In Gibbons' motion for new trial in the Danziger case, he raised the online comments, and argued:

....that the government engaged in a secret public relations campaign against defendant Kaufman and his codefendants. As a result of these efforts, the government ensured that “Danziger”would become the household name for corruption in the New Orleans Police Department, that public opinion would be inflamed against the defendants, and that the government’s version of the facts would be well known before anyone set foot in a courtroom.

...Defendants further allege that, in addition to these activities, former Assistant United States Attorney (“AUSA”) Senior Litigation Counsel Salvador Perricone, then a high-ranking supervisory attorney in the Eastern District of Louisiana (EDLA), surreptitiously posted opinions and criticisms online on the public web page for Nola.com, which is affiliated with the New Orleans Times Picayune newspaper, to undermine the trial itself by making comments, both before and during the trial, that mocked the defense, attacked the defendants and their attorneys, were approbatory of the United States Department of Justice(“DOJ”), declared the defendants obviously guilty, and discussed the jury’s deliberations.

The Court described Gibbons' arguments this way:

Defendants argue that the government’s leaking and unauthorized writings of AUSA Perricone, as well as other actions by the government prior to trial, created a prejudicial environment amongst the public, which convinced certain witnesses to enter lenient guilty pleas, agree to cooperate, and provide false testimony favorable to the government’s theory of the case to avoid the then perceived prosecutorial juggernaut depicted in the media (and based on the government’s conduct). Defendants also contend that Perricone’s postings during the trial impacted witness testimony.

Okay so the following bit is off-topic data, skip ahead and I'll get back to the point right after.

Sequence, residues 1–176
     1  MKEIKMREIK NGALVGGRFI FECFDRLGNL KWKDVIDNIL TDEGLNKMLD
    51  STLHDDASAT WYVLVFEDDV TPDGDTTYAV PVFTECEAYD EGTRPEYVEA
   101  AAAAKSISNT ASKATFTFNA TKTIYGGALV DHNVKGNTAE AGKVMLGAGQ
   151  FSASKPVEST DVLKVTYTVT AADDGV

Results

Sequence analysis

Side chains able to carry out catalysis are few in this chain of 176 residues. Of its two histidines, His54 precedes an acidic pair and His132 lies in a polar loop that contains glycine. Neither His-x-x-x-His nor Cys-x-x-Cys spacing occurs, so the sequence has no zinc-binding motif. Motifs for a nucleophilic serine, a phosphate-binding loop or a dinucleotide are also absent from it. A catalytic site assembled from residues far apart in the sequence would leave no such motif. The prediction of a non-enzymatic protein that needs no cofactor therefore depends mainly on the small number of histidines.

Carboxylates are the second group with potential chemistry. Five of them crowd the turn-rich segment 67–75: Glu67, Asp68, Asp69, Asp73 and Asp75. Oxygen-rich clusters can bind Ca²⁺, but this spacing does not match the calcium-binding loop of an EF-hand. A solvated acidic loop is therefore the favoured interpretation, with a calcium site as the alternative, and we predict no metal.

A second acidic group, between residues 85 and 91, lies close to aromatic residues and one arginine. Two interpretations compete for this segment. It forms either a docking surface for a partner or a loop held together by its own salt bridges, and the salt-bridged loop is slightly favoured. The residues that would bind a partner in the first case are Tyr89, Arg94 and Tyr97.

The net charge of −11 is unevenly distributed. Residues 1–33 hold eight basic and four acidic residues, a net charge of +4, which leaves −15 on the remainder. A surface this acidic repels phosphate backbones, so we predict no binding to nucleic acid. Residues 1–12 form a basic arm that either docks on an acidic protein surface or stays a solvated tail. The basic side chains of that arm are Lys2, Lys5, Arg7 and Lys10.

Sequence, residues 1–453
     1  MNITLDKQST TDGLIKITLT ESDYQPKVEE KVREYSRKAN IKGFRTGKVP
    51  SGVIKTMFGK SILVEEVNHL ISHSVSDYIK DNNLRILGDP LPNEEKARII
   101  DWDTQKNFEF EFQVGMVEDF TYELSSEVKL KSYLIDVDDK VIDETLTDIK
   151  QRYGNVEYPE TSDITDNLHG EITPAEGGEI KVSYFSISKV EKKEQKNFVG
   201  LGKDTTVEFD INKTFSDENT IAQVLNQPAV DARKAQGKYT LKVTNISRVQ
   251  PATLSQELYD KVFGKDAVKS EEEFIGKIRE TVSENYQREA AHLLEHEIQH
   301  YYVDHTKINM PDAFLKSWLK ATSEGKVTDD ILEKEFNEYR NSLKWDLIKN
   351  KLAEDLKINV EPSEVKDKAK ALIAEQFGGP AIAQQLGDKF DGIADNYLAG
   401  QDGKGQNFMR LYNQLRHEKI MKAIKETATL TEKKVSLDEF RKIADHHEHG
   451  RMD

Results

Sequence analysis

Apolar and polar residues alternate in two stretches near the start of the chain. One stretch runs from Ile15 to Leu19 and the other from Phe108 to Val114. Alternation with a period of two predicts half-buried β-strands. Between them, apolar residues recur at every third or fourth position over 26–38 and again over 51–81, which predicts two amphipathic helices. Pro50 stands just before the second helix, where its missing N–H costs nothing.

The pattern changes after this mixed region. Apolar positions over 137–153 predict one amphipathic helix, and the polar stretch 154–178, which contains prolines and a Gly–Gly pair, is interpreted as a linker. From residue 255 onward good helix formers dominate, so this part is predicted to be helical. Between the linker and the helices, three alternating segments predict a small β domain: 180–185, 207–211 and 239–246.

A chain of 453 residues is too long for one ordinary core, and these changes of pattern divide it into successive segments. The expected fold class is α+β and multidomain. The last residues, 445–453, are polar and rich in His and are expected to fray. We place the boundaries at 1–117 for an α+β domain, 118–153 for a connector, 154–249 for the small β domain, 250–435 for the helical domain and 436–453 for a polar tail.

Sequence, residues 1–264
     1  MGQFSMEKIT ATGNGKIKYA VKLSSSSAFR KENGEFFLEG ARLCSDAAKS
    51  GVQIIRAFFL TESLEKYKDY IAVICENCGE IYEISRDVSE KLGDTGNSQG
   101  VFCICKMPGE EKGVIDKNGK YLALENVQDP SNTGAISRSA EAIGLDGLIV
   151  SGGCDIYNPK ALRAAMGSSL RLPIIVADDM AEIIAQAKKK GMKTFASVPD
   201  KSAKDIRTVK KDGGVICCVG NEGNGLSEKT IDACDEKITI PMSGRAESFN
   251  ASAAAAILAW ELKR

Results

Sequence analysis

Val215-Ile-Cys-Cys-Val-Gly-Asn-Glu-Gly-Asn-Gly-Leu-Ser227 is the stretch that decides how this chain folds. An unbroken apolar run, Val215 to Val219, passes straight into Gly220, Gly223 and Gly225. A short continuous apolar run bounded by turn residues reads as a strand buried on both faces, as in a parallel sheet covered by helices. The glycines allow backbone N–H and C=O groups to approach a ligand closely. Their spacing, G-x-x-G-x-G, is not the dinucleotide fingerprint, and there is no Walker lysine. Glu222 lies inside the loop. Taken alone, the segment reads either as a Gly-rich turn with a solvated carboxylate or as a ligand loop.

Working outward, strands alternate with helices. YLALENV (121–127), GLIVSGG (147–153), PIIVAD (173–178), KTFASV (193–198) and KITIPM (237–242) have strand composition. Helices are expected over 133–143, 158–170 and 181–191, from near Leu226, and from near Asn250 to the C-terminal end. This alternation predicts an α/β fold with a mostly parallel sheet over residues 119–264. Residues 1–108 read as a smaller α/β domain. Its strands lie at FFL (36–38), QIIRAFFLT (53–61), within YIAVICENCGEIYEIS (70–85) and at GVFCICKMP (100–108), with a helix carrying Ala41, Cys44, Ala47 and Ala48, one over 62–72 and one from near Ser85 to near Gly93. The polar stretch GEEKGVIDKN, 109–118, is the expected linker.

U.S. Attorney Letten was called into court in the officers' cases, and asked to explain the leaks in the paper.

I’ve said this publicly before, neither I, nor Jan Mann, nor people in positions in authority in our office, to my knowledge did not have any knowledge of, nor did we authorize, nor did we procure or have any knowledge of Sal Perricone anonymously posting comments about cases or anything like that whatsoever until we learned about it in the filing. That is gospel truth. (Id. at p. 40, l. 7-14).

The Court then ordered the government to compile a report indicating all steps that it had taken, to investigate and identify the source of the leaks that were referred to at the June 13th hearing. The Government submitted the report, and it was written by none other than Jan Mann.

The government’s June 27, 2012 “Report of Inquiry” was supervised, compiled, written and submitted by First AUSA Jan Mann. Only her name is on the Report, and it came under cover letter signed only by her. In the Report, she denies that anyone associated with the government caused a “leak”, and concluded that any sensitive information which was published came from “non-government sources” and not prosecution or investigatory agents.

Some prosecutors tried to lay the blame on outside persons: